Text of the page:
Why the Nuggets are the best in the west

Back in early August, when the big market biased media was fawning over the idea of Dwight Howard in LA with Steve Nash and Kobe Bryant, they overlooked one thing: The Nuggets got better as well. While the addition of Dwight Howard was no doubt the most talked about and the most debated, with some media saying things such as Dwight isn't as good as Bynum, no one debated that Dwight was the most valuable piece on the move. Most people even went as far as to say the Lakers were now the best team in the NBA. But, everyone seemed to forget about the Thunder, and, as always, ignore the Nuggets in the discussion. Are the Lakers the best team in the west? I, for one, don't think so. I personally think the Nuggets, acquiring Andre Iguodala, and drafting Evan Fournier and Quincy Miller, have leapfrogged the Lakers and Thunder to take the title as best in the west.

One point that needs to be focused on is a stat that ESPN loves, the PER. Taking all the players on the Lakers, Thunder, and Nuggets, and making a "team" PER, this is what the stats look like:

Lakers: 14.59

Thunder: 15.38

Nuggets: 17.22

A couple of points on this. This number excludes rookies and ineligible players. The league average is 15. That means that the Lakers, by PER, are a little below average, the Thunder are a little above average, and the Nuggets, wow. A potentially shocking stat, ESPN said Faried was a SF, and he was the second best SF in the west behind only Kevin Durant. Another potentially shocking stat, the lowest Nuggets player had a PER of 13.28, while the Thunder and the Lakers each had multiple players under 10.

Going on to more advanced metrics, lets look at each big acquisitions of the Lakers and the Nuggets, specifically Andre Iguodala and Dwight Howard. Last year, the Nuggets had a offensive efficiency rating of 106.5, third best in the NBA, and a defensive efficiency rating of 103.4, 19th in the league. Both players are defensive blankets to put it simply. Iguodala, with his defense alone, contributes to 4.2 added wins, 7th best in the league. Dwight Howard, in comparison, contributes to 4.4 added wins. The Lakers had an offensive efficiency rating of 103.3, 10th best in the league, and a defensive efficiency rating of 101.7, 13th best. While based on the advanced metrics, Dwight Howard appears to be a better player than Andre Iguodala, but the Nuggets also appear to have been a better team already. However, when you look at another stat, the wins produced stat, it tells a bit of a different story. Andre Iguodala had a wins produced rating of 11.7, 5th best in the league. Dwight Howard had a rating of 10.5, 9th. Both of the acquisitions were big for both teams, and the debate could be made for either one about which one was the best.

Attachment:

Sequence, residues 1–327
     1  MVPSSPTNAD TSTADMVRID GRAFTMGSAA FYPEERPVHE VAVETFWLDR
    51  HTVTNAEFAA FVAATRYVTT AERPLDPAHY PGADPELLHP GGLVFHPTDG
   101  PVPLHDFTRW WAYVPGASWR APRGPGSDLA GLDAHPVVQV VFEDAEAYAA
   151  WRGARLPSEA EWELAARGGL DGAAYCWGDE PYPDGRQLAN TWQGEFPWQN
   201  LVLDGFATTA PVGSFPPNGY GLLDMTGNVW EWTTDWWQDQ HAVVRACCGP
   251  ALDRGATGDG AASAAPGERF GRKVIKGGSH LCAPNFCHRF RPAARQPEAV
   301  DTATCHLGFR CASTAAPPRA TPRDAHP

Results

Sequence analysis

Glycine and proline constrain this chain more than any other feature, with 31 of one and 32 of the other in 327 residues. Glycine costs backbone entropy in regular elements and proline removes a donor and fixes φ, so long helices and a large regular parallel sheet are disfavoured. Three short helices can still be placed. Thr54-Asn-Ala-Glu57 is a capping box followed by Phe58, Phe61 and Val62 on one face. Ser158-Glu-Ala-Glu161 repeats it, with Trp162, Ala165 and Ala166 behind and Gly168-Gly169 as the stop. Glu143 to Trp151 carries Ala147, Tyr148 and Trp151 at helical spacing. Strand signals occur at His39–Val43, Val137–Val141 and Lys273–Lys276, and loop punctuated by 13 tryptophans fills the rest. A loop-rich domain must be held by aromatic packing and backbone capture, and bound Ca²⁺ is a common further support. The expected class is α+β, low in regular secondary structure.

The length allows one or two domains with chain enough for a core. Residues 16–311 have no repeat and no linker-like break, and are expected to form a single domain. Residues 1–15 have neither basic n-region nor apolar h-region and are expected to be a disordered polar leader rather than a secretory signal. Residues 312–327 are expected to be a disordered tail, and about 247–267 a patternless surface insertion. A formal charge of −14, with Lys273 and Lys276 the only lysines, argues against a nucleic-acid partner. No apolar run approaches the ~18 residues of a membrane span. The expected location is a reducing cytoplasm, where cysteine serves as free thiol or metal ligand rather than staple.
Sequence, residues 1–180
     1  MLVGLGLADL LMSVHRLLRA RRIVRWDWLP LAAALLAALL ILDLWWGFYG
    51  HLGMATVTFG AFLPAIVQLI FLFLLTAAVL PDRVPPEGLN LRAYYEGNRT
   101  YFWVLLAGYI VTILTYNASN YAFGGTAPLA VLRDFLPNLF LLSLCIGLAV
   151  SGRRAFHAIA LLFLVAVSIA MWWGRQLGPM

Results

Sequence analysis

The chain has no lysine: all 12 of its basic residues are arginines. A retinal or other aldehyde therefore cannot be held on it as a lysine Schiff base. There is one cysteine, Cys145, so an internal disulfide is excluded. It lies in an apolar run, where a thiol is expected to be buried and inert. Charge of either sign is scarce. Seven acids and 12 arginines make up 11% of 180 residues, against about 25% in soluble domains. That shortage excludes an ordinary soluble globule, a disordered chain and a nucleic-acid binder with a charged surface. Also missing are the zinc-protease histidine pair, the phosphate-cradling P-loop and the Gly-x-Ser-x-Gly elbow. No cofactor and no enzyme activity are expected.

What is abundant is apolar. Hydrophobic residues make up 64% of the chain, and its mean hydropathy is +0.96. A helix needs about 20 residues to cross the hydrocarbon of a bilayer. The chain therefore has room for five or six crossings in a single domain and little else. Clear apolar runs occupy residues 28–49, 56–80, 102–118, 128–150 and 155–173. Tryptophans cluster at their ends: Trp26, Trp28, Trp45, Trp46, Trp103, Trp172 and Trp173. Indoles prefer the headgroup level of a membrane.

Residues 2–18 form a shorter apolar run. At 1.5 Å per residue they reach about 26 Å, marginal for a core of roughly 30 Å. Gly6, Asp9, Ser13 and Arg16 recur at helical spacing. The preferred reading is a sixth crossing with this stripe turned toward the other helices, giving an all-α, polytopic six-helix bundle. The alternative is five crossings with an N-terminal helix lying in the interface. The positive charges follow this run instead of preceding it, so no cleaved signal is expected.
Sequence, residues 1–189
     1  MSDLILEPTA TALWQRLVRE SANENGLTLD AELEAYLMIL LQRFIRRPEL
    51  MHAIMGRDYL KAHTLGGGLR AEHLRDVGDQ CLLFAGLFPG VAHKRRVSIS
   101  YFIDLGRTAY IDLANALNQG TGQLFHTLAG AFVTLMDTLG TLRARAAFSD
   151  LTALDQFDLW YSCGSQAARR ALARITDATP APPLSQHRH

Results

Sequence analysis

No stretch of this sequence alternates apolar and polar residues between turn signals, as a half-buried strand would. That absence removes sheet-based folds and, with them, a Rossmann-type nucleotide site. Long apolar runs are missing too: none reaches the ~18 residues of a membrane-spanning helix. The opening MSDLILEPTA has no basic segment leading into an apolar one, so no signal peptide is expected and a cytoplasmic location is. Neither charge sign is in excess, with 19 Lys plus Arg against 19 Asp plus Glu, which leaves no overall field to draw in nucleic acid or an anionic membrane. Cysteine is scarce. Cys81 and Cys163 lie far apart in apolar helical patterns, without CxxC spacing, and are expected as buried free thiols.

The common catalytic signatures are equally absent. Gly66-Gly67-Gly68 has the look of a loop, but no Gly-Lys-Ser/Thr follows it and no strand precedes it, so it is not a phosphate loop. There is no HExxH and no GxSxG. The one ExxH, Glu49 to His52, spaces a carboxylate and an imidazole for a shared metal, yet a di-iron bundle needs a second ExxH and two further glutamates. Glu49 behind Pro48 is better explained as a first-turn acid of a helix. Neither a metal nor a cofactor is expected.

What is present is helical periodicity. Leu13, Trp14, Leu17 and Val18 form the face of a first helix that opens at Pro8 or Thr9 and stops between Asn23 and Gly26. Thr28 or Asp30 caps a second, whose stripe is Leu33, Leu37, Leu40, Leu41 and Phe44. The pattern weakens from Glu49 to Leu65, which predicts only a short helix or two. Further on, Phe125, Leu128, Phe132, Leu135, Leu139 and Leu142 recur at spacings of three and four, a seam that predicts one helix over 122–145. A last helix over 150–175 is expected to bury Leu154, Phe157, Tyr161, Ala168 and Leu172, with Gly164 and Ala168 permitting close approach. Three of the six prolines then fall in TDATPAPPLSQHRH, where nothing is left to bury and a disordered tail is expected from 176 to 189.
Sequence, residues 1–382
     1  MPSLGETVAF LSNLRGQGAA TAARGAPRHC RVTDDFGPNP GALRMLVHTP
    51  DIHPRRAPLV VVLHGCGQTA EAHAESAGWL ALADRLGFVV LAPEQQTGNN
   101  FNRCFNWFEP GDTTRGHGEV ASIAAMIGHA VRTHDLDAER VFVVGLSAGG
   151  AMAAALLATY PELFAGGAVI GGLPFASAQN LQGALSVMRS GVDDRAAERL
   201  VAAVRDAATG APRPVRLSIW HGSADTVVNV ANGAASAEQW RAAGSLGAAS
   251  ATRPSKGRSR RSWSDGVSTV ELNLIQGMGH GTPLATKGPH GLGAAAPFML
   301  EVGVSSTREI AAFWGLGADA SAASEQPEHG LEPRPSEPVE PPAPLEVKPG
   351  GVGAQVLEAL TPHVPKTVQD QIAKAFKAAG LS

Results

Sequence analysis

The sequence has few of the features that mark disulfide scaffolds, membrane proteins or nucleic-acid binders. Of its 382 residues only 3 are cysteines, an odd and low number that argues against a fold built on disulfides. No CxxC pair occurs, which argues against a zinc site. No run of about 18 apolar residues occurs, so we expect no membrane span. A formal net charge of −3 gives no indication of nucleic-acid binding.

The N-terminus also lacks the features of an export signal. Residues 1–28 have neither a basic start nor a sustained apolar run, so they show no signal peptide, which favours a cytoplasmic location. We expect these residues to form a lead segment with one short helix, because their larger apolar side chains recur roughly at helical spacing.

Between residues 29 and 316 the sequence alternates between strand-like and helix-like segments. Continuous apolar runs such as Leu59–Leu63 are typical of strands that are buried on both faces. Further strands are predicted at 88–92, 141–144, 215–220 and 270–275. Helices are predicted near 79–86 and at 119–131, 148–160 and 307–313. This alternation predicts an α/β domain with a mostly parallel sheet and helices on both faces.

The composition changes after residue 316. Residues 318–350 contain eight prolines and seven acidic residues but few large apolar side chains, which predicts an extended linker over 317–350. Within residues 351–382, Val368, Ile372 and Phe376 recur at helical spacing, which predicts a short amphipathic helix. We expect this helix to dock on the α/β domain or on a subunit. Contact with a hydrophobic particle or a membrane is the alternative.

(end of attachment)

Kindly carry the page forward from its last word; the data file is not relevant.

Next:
Another trait of great teams is depth. The Lakers and Thunder each respectively have their big four, or medium-large four, whichever way you want to look at it. But beyond that, what does each team have depth wise? The Lakers have Metta World Peace, Antwan Jamison and Jordan Hill, and the Thunder have Kendrick Perkins. When you look at the Nuggets roster, it's different. While they don't necessarily have one superstar, the argument could be made that 8 of their players could start on different NBA teams, and even behind that, all of their players are valuable role players. Especially when teams come to Denver, they're going to need depth and speed, and that's something the Nuggets have a lot of that the Thunder, and especially the Lakers, don't have.

Some of you may call me biased for writing this, and that is something I would accept, considering I am a Nuggets fan. However, the point of this was to point out that the Nuggets have been extremely underrated, and there is a very valid argument for them being the best team in the west. George Karl does have a task at hand in figuring out how to divide the minutes between all of the talented wings on this team, but there's no such thing as having too much talent. Another factor that cant be measured with a stat is how the teachings of Hakeem Olajuwan will help both JaVale McGee and Kenneth Faried. Feel free to leave your thoughts in the comments, and thanks for the read.

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